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Why Gandhi’s Silence on Partition?
|by Dr. Rajinder Puri|
This is my personal interpretation of Mahatma Gandhi’s response to the Partition based on the consideration of his words and deeds at different times.
Gandhi had earlier said that India could be partitioned only over his dead body. The Partition occurred but Gandhi remained alive. When skeptics taunted Gandhi about this his former secretary and biographer, Peareylal, recorded that Gandhi would angrily lash out at his critics and say should he kill himself just to satisfy others? Even Gandhi’s most trenchant critics cannot deny his courage. He was not afraid of death. Then why did he not redeem his pledge?
This view is reinforced by earlier events. When the Congress Working Committee (CWC) was to pass its formal resolution to accept Partition on June 3, 1947 Gandhi observed his day of silence. Why?
On June 2, one day before the Partition resolution was to be passed by the CWC, Lord Mountbatten visited Gandhi to seek reassurance that Gandhi would not create hurdles. “Mr Gandhi,” Lord Mountbatten asked. “I hope you will not oppose my (Mountbatten Plan to partition India ) plan?” Gandhi on his day of silence wrote on a scrap of paper: “Have I ever opposed you?”
After the Partition Gandhi’s actions revealed his resolve to keep trying for total Indo-Pakistan reconciliation. He went on a fast to compel the Indian government to pay Pakistan adequate compensation. This strengthened his credibility with Pakistan . It pleased Mountbatten. But Gandhi’s subsequent actions could not have pleased British authorities.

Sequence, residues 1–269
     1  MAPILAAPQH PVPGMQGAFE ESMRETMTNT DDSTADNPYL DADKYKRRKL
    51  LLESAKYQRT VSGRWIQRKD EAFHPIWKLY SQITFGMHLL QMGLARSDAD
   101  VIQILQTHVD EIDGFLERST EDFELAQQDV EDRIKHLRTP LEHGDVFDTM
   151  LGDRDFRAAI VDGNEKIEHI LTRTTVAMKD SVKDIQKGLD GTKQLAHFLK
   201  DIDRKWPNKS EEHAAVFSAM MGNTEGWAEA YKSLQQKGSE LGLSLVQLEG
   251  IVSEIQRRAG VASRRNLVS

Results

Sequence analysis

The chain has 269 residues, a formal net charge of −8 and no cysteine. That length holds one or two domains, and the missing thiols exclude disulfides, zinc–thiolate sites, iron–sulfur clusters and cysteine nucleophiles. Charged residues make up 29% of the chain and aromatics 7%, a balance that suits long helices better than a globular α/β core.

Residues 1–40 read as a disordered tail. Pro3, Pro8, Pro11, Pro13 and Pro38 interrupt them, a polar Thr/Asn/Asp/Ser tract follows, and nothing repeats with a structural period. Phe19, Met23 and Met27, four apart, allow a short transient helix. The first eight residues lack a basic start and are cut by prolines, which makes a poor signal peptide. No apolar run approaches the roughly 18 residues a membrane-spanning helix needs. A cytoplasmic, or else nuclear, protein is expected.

Gandhi wrote to Jinnah seeking permission to settle down in Pakistan in order to work for Indo-Pakistan unity. Jinnah concurred. He invited Gandhi to Karachi . Gandhi sought permission to settle down in Lahore with 50 Punjabi refugee families then settled in Delhi ’s Purana Quila camp. One member of the Punjabi families that had volunteered to accompany Gandhi in his march to Lahore was historian KK Khullar, then 16 years old. The plan to start the march on February 14, 1948 was finalized. On January 30th Nathuram Godse killed Gandhi.
Gandhi’s judgment may be questioned. His integrity was unimpeachable. He never wavered in his commitment to the agenda of uniting Hindus and Muslims even after Pakistan had been formed. In the end he was defeated. The forces arraigned against him were too powerful. But has his agenda been defeated? This scribe believes that history’s final verdict on that is still not out.
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05/12/2014 16:27 PM
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